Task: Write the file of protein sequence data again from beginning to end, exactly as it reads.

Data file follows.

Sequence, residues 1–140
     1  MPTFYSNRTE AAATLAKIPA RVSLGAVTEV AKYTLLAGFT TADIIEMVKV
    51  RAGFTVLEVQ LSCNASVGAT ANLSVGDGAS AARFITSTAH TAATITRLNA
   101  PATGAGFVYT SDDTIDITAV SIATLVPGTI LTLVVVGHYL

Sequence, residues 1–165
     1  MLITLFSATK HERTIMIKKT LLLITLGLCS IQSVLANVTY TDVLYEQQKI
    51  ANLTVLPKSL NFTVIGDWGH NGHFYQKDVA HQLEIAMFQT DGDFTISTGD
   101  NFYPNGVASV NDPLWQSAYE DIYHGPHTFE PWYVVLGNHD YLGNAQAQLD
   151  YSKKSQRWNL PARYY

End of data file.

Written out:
Sequence, residues 1–140
     1  MPTFYSNRTE AAATLAKIPA RVSLGAVTEV AKYTLLAGFT TADIIEMVKV
    51  RAGFTVLEVQ LSCNASVGAT ANLSVGDGAS AARFITSTAH TAATITRLNA
   101  PATGAGFVYT SDDTIDITAV SIATLVPGTI LTLVVVGHYL

Sequence, residues 1–165
     1  MLITLFSATK HERTIMIKKT LLLITLGLCS IQSVLANVTY TDVLYEQQKI
    51  ANLTVLPKSL NFTVIGDWGH NGHFYQKDVA HQLEIAMFQT DGDFTISTGD
   101  NFYPNGVASV NDPLWQSAYE DIYHGPHTFE PWYVVLGNHD YLGNAQAQLD
   151  YSKKSQRWNL PARYY